Hidden miles beneath the surface of an ice sheet (shown in blue), the so-called ghost peaks in the middle of Antarctica are finally coming into view, researchers announced last month.
Ground-penetrating radar results from 2008 and 2009 have made possible the most detailed images yet (such as the one above) of the Gamburtsev Mountains—and it's a surprisingly serrated range, the experts say.
The radar-based images reveal a slightly exaggerated view of the jagged, roughly 8,500-foot-tall (2,600-meter-tall) peaks. The range likely formed millions of years before becoming covered in Antarctic ice, said geophysicist Robin Bell of Columbia University's Lamont-Doherty Earth Observatory, who led America's Gamburtsev Province Project as part of the International Polar Year (2007-08) science program.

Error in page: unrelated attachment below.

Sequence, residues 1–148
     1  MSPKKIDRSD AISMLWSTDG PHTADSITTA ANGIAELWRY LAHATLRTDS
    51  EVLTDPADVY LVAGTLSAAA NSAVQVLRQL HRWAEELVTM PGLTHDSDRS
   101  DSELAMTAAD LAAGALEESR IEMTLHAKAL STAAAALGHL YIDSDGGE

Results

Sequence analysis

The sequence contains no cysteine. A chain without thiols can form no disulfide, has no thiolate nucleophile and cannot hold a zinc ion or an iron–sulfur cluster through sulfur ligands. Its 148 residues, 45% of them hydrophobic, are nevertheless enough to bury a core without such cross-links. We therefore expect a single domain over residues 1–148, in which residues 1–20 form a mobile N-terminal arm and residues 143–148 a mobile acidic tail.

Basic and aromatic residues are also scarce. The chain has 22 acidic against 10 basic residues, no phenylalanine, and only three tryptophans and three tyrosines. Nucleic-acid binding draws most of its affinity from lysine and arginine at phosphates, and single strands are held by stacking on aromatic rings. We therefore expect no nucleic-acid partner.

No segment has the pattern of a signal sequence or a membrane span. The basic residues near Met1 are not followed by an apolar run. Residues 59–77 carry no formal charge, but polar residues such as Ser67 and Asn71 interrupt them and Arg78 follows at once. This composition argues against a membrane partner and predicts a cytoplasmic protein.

In size and shape, Bell said, the Gamburtsevs resemble the United States' Cascade Range, home of Mount Rainier (picture).
(Also see: "Mystery Deepens Over Unseen Antarctic 'Alps.'")
—Richard A. Lovett